# Browse

### Amanda K. Riske, Catherine E. Cullicott, Amanda Mohammad Mirzaei, Amanda Jansen, and James Middleton

We introduce the Into Math Graph tool, which students use to graph how “into" mathematics they are over time. Using this tool can help teachers foster conversations with students and design experiences that focus on engagement from the student’s perspective.

### Sean P. Yee, George J. Roy, and LuAnn Graul

As mathematical patterns become more complex, students' conditional reasoning skills need to be nurtured so that students continue to critique, construct, and persevere in making sense of these complexities. This article describes a mathematical task designed around the online version of the game Mastermind to safely foster conditional reasoning.

### Matt Enlow and S. Asli Özgün-Koca

Equality is one of the main concepts in K–12 mathematics. Students should develop the understanding that equality is a relationship between two mathematical expressions. In this month's GPS, we share tasks asking students one main question: how do they know whether or not two mathematical expressions are equivalent?

### Scott Corwin, Michelle Cascio, Katherine Emerson, Laura Henn, and Catherine Lewis

Our middle school mathematics department used lesson study to investigate how to introduce fractions division to our sixth-grade students. We highlight our learnings during the Study and Plan phases, describe our observations during the lesson, and provide tips for educators interested in using lesson study to study their own content.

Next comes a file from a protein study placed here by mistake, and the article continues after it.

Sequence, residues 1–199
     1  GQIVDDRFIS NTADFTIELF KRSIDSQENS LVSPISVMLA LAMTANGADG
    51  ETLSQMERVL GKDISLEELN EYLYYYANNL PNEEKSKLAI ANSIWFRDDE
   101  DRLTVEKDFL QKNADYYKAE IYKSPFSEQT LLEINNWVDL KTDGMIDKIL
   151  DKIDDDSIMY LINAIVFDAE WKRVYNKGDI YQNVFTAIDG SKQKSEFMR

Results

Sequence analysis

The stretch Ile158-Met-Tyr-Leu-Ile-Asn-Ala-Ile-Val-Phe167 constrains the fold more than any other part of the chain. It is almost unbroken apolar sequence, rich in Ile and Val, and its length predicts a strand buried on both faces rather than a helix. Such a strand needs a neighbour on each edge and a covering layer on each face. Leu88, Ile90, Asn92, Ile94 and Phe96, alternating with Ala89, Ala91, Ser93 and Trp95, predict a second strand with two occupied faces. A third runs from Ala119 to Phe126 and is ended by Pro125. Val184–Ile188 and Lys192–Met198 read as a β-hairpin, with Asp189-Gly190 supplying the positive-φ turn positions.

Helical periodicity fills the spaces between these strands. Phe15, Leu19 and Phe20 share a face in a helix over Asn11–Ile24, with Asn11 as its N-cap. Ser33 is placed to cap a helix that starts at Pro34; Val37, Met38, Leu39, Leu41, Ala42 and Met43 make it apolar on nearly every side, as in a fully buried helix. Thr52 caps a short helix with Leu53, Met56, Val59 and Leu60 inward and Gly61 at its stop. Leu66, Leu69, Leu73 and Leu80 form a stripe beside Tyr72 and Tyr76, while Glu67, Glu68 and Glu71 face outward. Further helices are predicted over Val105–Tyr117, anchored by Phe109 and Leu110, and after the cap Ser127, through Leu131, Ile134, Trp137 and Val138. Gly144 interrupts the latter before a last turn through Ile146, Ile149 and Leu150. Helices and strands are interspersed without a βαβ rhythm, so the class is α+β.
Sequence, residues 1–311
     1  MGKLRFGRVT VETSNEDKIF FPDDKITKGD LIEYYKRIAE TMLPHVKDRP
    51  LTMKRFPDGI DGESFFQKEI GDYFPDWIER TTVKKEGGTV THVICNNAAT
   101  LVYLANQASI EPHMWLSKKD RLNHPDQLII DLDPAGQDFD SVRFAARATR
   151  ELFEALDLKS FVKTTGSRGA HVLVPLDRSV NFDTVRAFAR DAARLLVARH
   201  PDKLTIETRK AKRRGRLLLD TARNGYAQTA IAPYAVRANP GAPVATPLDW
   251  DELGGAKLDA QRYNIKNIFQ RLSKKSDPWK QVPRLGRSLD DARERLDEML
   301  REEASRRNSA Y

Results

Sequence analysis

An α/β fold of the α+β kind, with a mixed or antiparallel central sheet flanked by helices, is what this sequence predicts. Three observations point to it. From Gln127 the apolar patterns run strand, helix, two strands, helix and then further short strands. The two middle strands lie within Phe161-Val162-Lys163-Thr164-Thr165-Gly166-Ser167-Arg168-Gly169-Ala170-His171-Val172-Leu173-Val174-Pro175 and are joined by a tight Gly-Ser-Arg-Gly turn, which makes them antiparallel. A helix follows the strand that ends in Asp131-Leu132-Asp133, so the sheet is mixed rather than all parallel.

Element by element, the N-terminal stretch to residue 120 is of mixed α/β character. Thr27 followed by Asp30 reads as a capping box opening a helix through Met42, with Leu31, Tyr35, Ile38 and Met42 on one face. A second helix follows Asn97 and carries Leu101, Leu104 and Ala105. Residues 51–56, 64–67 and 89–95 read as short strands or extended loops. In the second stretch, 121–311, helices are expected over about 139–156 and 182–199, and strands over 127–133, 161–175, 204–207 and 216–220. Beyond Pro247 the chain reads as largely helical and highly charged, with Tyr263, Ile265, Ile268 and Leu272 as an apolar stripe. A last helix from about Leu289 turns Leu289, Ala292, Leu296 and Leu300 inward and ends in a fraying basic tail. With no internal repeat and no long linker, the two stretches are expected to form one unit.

### Aline Abassian and Farshid Safi

This article dives into the importance of engaging students in investigating the mathematics of businesses that pressure their members to recruit new members as a basis for success, also referred to as multi-level marketing (MLM). The mathematics behind these businesses are discussed, and a sample student task is given.

### Jennifer A. Czocher, Diana L. Moss, and Luz A. Maldonado

Conventional word problems can't help students build mathematical modeling skills. on their own. But they can be leveraged! We examined how middle and high school students made sense of word problems and offer strategies to question and extend word problems to promote mathematical reasoning.

### Amber G. Candela, Melissa D. Boston, and Juli K. Dixon

We discuss how discourse actions can provide students greater access to high quality mathematics. We define discourse actions as what teachers or students say or do to elicit student contributions about a mathematical idea and generate ongoing discussion around student contributions. We provide rubrics and checklists for readers to use.